Take to the streets, internet groups urge Iraqis

Friday, February 25, 2011

BAGHDAD - Internet groups on Facebook have urged Iraqis to take to streets Friday to “end corruption and sectarianism in Iraq”. The call has come exactly a month after the uprising began in Egypt that ended the nearly 31-year rule of Hosni Mubarak.

A post on a Facebook page said that “February 25 is the Iraqi Day of Rage for change, an end to corruption and sectarianism in Iraq”.

The page titled “February 25 Iraq Day of Rage” said: “Dozens of small-scale demonstrations have taken place across the country since early February, mainly centered on the chronic lack of electricity and widespread corruption. Numerous internet groups have urged Iraqis to take to the streets on February 25 for a ‘Revolution of Iraqi Rage,’ one month after the `Day of Rage’ in Egypt that ultimately led to the ousting of Hosni Mubarak from the presidency.”

Iraq was preparing to see protests Friday after the people were exhorted by internet postings that referred to the successful uprisings in Tunisia and Egypt.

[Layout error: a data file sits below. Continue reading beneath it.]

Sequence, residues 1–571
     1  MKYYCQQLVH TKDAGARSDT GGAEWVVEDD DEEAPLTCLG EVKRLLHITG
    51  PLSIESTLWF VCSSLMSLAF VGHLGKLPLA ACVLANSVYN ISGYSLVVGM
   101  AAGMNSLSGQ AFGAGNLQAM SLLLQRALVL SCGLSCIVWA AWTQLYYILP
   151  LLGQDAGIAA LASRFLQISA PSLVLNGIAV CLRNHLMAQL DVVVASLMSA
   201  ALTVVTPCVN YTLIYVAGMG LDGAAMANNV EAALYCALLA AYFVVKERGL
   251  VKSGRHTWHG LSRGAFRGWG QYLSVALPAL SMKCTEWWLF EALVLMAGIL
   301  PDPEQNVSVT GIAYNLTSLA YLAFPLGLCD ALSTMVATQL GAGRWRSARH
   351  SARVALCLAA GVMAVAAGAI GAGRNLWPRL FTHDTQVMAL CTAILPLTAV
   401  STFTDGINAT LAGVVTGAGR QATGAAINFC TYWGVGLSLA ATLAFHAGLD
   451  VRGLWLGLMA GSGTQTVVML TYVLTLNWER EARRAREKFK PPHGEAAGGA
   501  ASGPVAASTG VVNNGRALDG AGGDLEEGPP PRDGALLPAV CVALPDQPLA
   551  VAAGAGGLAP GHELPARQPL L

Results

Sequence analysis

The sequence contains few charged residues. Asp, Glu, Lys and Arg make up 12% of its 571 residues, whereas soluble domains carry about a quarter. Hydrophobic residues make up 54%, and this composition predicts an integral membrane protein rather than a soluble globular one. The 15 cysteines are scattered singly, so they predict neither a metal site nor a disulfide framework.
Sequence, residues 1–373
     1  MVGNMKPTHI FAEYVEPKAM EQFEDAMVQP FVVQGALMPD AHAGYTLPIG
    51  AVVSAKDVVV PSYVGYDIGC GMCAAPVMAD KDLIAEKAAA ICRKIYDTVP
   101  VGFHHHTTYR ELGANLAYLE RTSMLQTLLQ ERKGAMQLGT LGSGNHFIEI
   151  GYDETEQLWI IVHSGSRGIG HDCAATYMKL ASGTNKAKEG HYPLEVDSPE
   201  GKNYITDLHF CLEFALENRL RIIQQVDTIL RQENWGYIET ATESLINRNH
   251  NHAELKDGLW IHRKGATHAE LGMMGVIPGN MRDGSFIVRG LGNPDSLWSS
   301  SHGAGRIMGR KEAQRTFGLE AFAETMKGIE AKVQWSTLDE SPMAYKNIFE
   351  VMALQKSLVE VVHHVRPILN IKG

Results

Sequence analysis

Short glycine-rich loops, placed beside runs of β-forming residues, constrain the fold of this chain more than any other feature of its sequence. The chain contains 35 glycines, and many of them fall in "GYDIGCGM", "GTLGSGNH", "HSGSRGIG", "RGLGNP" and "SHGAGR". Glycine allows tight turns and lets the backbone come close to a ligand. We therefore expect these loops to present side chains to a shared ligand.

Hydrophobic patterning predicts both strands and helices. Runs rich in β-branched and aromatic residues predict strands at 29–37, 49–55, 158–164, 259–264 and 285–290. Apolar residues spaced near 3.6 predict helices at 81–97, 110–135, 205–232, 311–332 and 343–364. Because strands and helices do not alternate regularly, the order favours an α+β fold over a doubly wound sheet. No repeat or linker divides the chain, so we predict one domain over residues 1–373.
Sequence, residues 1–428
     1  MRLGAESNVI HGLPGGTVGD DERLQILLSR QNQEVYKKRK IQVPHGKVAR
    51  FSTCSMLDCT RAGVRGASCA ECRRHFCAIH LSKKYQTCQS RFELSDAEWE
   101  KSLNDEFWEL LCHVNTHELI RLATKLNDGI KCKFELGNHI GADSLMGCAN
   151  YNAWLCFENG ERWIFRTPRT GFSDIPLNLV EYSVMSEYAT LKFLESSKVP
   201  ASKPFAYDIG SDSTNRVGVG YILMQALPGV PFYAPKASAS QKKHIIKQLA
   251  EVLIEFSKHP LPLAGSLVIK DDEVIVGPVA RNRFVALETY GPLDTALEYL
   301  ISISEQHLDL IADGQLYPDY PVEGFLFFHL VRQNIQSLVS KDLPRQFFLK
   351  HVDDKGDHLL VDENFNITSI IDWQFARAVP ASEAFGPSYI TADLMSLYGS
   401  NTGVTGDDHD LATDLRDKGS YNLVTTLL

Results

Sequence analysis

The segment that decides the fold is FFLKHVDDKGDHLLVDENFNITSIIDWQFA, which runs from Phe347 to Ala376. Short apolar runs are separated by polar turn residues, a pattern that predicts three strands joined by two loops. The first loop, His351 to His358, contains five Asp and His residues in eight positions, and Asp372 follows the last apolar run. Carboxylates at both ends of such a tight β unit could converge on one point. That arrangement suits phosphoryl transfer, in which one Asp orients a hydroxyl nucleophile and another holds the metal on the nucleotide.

Another internet posting sought that “the voice of freedom be heard in all of Baghdad’s streets and let’s take a lesson from Egypt, Tunisia and Libya”.

It was not clear whether those calling for the protests on the internet were based within Iraq or outside of it.

Iraqi cities, including capital Baghdad and Kirkuk, centre of Iraq’s of oil industry, have seen stray protests recently. The protesters had taken heart from the unrest sweeping across the Arab world.

The protesters, however, are not demanding that Iraqi Prime Minister Nouri al-Maliki step down. Instead, they want an end to corruption, acute shortage of electricity and water, and lack of employment.

The prime minister has advised people not to participate in the “day of rage” protests, according to media.

The protests in Iraq gained momentum after mass demonstrations forced Hosni Mubarak to step down after 30 years in power as the Egyptian president Feb 11, and one month after demonstrators across the border in Tunisia toppled their longtime leader, Zine el-Abidine Ben Ali. The unrest has now spread to Yemen, Algeria and Bahrain.

Filed under: Politics

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